A few weeks ago I watched a film called The Game. In the film the character gets a special gift from his brother: He will participate in a game that offers real life experiences.
The film was good and I thought that I could see people buying this type of experience.
We buy experiences, much more so when we are boomers. (Actually one of the reasons restaurants are seeing less and less boomers is due to the fact that dining out many times lack any special experience).
Well, now there is a company that offers something similar:
Extreme Kidnapping is a company operated by Adam Thick, an entrepreneur and convicted counterfeiter from Oakland County, Michigan. For $500, Adam and his crew will abduct you at gunpoint and hold you hostage for four hours. A thousand bucks gets you ten hours, along with a bit of customized sadism.
Experiences are the newest, hottest luxury items.
As with any pricey upscale service, you have many choices for your Extreme Kidnapping. You can even select your kidnapper.
You can choose to have sexy kidnappers, be tortured etc.
For $500, Adam and his crew will abduct you at gunpoint and hold you hostage for four hours. A thousand bucks gets you ten hours, along with a bit of customized sadism.
After the kidnapping is over, you will get a customer satisfaction survey.
Now, I have a very hard time understanding why someone would ever want to be kidnapped but I get spending money to have a special experience.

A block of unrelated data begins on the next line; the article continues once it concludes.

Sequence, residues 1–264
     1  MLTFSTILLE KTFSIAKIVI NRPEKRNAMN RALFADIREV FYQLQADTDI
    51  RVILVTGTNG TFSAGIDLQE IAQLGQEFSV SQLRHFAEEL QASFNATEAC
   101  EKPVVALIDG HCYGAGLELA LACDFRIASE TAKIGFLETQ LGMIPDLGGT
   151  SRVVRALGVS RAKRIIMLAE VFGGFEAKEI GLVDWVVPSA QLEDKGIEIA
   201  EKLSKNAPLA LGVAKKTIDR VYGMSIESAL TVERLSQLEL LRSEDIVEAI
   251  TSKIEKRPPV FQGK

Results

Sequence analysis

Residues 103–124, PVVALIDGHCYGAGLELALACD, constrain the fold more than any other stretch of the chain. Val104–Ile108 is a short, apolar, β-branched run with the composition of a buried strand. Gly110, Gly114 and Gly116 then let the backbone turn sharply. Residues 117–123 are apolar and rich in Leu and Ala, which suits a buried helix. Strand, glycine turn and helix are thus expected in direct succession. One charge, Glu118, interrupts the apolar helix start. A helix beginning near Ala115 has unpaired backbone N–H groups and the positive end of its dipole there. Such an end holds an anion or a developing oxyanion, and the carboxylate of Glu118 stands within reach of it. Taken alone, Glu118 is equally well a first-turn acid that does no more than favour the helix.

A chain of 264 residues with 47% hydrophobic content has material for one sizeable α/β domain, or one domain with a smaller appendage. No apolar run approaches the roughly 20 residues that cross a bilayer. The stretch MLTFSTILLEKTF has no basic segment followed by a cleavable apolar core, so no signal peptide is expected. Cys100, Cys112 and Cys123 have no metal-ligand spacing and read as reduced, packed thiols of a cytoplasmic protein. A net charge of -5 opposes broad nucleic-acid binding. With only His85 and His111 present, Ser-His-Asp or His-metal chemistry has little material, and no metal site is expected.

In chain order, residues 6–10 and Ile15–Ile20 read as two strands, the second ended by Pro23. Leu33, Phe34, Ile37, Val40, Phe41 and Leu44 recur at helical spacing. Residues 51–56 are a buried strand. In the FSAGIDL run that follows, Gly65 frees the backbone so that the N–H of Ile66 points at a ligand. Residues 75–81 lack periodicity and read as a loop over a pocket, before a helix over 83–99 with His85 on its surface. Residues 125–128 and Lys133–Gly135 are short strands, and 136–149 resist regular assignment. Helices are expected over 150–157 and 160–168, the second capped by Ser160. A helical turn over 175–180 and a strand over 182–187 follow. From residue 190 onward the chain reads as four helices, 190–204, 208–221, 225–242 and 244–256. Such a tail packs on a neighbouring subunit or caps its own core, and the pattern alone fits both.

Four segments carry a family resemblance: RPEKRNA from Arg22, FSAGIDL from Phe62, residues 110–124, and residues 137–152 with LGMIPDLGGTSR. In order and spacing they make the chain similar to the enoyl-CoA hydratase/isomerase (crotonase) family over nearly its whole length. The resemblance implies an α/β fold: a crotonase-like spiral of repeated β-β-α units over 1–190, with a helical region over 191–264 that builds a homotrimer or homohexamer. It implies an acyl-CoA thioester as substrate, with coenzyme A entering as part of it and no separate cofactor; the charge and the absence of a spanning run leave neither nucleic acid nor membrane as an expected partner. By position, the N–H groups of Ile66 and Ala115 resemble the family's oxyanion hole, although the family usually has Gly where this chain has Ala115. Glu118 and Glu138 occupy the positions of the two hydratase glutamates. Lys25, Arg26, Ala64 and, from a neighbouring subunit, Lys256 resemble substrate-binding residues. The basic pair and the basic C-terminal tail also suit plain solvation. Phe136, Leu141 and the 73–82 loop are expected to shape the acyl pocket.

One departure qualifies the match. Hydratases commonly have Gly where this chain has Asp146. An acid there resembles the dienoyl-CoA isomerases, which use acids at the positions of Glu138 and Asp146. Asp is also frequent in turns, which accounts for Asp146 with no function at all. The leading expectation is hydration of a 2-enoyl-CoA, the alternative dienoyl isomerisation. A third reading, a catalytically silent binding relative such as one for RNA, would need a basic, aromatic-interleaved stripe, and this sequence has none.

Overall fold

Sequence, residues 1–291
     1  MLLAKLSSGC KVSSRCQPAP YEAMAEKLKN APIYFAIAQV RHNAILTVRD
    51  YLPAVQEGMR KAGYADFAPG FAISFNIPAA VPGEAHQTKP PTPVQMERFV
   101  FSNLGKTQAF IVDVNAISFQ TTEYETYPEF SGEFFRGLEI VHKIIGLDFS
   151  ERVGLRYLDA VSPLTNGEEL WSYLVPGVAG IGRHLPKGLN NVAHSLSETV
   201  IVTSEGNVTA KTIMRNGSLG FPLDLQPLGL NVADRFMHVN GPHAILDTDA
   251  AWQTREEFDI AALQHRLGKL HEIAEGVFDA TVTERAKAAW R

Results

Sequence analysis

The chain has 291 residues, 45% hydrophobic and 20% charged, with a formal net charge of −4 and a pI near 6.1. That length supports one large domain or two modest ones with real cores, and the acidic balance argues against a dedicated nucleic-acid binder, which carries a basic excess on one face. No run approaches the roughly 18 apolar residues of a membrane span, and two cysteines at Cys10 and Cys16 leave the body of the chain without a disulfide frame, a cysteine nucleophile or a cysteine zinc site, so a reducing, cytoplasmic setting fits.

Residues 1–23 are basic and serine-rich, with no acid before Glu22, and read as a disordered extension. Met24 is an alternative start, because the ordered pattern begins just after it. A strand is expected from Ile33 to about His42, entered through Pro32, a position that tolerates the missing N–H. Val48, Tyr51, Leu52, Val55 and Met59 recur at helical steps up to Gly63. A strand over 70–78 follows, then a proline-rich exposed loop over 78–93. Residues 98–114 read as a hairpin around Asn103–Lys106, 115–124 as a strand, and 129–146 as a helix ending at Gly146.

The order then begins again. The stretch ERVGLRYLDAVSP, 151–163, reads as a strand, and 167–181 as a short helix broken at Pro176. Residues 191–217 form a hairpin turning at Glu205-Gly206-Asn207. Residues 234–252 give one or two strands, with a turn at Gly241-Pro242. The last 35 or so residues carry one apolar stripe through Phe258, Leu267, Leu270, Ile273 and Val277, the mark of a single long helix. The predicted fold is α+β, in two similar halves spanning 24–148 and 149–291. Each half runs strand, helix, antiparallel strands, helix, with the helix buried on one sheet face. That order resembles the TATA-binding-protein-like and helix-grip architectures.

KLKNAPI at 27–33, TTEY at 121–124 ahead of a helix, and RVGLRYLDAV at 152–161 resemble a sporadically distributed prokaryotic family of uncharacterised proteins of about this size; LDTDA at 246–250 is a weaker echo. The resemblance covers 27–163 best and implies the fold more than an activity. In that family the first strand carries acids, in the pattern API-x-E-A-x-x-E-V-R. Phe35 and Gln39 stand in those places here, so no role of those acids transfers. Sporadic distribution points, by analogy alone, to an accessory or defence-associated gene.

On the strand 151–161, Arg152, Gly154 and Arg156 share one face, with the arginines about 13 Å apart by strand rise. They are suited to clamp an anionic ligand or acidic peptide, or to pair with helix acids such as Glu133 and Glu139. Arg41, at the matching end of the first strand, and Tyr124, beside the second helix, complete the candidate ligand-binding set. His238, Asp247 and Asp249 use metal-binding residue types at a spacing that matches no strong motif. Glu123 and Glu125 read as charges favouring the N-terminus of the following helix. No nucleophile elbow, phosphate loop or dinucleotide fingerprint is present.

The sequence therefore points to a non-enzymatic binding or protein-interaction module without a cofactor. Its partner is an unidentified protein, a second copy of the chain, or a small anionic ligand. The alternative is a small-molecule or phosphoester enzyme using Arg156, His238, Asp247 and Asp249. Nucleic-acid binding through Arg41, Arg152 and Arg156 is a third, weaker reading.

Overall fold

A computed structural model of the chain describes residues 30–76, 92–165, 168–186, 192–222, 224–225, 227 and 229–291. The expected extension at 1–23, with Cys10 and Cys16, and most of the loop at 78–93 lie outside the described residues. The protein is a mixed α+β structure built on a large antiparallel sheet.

We talked before about another company, Nexpedition selling experience in the travel industry.
There are some studies around this fact:
Contrary to what people predict, it’s not young and impulsive people who want to pay so much for these crazy experiences. It’s actually people who plan and are obsessed with being productive,” says Anat Keinan, who now teaches marketing at Harvard Business School.
Consumers buy into these unusual experiences because they are considered “collectible,” not because they’re pleasurable. The following five experiments confirmed that it is those who are fixated on productivity that tend to desire these collectible experiences.
A new study suggests that those who spend money to do things are happier than those who spend their money on possessions.
We could add to that routine, loneliness, less social interactions due to technology and a lot more reasons.
The fact is that people today buy experiences and we need to provide experiences.
Customer experience is fundamental to the success of every business. For most companies, in fact, customer experience is the single greatest predictor of whether customers will return — or defect to a competitor.
Every interaction with customers can be an experience. It can also incorporate some mystery and rituals as we talk in our irresistible business.
It does not have to be as radical as the example above, but you should pay attention to these types of businesses.